CN:                             Formal tools are very old: Aristotle used schematic letters to represent things in the syllogistics; the Stoics used analogous things – they had “the first”, “the second” and various kinds of expressions like that. I don’t think of formalisation as distinct in kind from regimentation. What does happen more recently is the development of a formal semantics. You have a formal semantics when you take a symbol that doesn’t have any natural language meaning – if you like, just a letter of the alphabet or something – and you assign it something in your semantics. And of course if the formal semantics itself is something presented in set theory, then it’s going to look rather different from if your formal semantics is a fragment of natural language. But when you teach Introductory Logic, typically, before you dwell upon any formal semantics, what you do is you present an interpretation of the symbols you use, in ordinary natural language: it’s just a schematic way of presenting a fragment of the natural language. I think the big shift is not with introducing symbols and letters: the big shift is presenting something like a set-theoretic semantics. That’s of course new, because Set Theory is new, but the idea of schematic representation is not new – in Leibniz, Aristotle, etc.

CG:                             Where do you think the discipline is going?

CN:                             Here’s something that’s important, I think: what’s important is that Logic itself is becoming an orphan. My mathematician friends who do Logic say it’s less and less a standard part of Mathematics; philosophers think of it as less and less a standard part of Philosophy. It’s becoming an orphan. I don’t think this is anything special about the History of Logic, here: it’s that Logic itself is loosing the central place that it has had both in Philosophy and in Math. Now, you might ask why. This is an interesting question. In the first half of the 20th century, there were some extraordinarily exciting results in Logic, which gave us reason to think that the whole project of presenting a theoretical picture of the world was different from the way we had previously thought it was. The limitative results that Gödel and Turing and others showed were just mind-blowing or earth-shaking. Now there has been nothing like that since. And what’s more, the techniques that have been developed for exploring parts of Set Theory, in particular, have become very recondite: ever since Cohen’s works on forcing, and the beginnings of the development of large cardinal axioms and things like that, the technical side of contemporary Logic had less to do with anything other than itself than it ever had before. In Mathematics there’s a project, which Harvey Friedman and others have, of what they call “reverse Mathematics”, which is to take Mathematics as it currently stands and try to see what sort of logical foundation you need for it; it turns out that you don’t need most of the stuff that has been developed since 1964, for example. In Philosophy we teach our students how to read the symbolism; on a good day, we teach them something about Gödel’s results, for example. But we don’t take it very seriously and people don’t think hard about it anymore; that has just made Logic itself less and less central in the field – and, of course, the History of Logic follows. But some of that is just a plain mistake, because people haven’t appreciated the significance of the results that were developed throughout the 20th century. There’s also this other thing, which is reasoning. Logic is not a theory of reasoning, because what Logic can tell you is what follows from what, but it doesn’t tell you what to do once you discovered that. There’s much more to Reasoning than Logic. And so Reasoning, the theory of reasoning, is a lively part of the contemporary scene; it just presupposes a lot of the logic that people have taken for granted. What’s interesting is that, if you look at the History of Logic, the History of Logic is often in part a History of Reasoning, so it’s a wider subject than Logic once Frege, and eventually Russell and Whitehead, tried to use it as a basis for Mathematics. Because of that, in some sense, there’s perhaps more to be learned from earlier logical developments about what’s currently relevant than from the Frege or Russell project.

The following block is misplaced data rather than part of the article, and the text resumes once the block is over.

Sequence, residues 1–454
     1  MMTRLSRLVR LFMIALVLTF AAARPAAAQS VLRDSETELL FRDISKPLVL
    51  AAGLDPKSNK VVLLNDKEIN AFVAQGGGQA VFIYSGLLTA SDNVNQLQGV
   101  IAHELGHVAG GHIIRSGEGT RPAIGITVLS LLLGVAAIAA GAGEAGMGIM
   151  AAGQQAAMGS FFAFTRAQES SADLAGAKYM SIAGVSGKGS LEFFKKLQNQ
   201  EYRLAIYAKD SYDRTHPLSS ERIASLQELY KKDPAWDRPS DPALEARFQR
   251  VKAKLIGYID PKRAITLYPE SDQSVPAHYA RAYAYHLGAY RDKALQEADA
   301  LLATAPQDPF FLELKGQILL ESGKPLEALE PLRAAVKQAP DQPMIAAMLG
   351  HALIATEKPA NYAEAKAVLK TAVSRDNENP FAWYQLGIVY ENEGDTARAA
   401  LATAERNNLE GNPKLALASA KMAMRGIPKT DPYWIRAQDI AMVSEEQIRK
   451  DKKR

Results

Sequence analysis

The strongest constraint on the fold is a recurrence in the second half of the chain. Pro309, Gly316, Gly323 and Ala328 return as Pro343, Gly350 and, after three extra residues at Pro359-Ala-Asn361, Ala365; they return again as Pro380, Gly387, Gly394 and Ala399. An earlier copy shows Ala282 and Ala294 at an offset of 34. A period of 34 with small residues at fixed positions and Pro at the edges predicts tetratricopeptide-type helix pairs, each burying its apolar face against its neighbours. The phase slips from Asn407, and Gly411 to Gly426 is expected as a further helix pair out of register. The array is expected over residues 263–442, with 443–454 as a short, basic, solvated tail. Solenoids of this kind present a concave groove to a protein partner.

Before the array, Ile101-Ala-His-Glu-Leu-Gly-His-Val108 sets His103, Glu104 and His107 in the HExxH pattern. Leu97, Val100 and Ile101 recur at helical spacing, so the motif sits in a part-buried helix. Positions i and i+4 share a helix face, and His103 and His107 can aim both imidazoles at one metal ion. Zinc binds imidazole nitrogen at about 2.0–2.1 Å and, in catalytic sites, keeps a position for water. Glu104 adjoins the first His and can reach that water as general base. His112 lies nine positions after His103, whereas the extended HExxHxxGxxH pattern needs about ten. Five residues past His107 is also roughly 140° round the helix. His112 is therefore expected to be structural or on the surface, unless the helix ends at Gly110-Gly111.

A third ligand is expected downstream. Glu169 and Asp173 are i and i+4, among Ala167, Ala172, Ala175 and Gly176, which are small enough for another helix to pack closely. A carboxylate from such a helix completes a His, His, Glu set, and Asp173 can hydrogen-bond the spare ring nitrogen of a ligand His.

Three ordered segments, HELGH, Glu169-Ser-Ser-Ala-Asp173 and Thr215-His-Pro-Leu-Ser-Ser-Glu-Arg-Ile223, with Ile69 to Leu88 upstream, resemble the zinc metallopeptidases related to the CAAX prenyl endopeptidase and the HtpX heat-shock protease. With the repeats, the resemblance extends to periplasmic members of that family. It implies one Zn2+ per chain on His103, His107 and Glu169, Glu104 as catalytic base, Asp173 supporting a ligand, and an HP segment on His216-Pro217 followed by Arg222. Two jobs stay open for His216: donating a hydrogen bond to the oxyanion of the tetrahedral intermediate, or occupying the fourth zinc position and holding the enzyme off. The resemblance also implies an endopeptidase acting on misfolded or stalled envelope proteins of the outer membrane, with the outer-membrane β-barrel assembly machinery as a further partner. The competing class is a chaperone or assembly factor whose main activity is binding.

CG:                             I completely agree. So, what would you tell a student who’s becoming interested in the History of Logic?

CN:                             I would recommend to remember that the History of Philosophy has two masters – and so they have to be good at Philosophy and they have to be a good historian. I would urge not to forget that: you won’t understand what you are doing, if you haven’t thought hard about what philosophical issues are involved; and you won’t know what to do, if you haven’t thought about the historical context. I think that’s all true. From a purely sociological point of view, there’s no good reason not to get into this stuff. I point out to my students that a couple of years ago in North America there was one dedicated job in the Philosophy of Language and four in Medieval Philosophy. So if you are thinking just of an academic career, there’s no particular reason to prefer doing the Philosophy of Language to Medieval Philosophy. But if you are thinking of the subject, the key thing is to not be too narrow.

GC:                             Thank you, Calvin.

CN:                             My pleasure.

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About grazianaciola

Bene nati, bene vestiti, et mediocriter docti. Medievalist, logician, philosopher (?), incorrigible procrastinator, tea drinker, and fond supporter of the Oxford Coma. If it is in Latin, I probably like it; if it is wrong, I almost certainly like it too.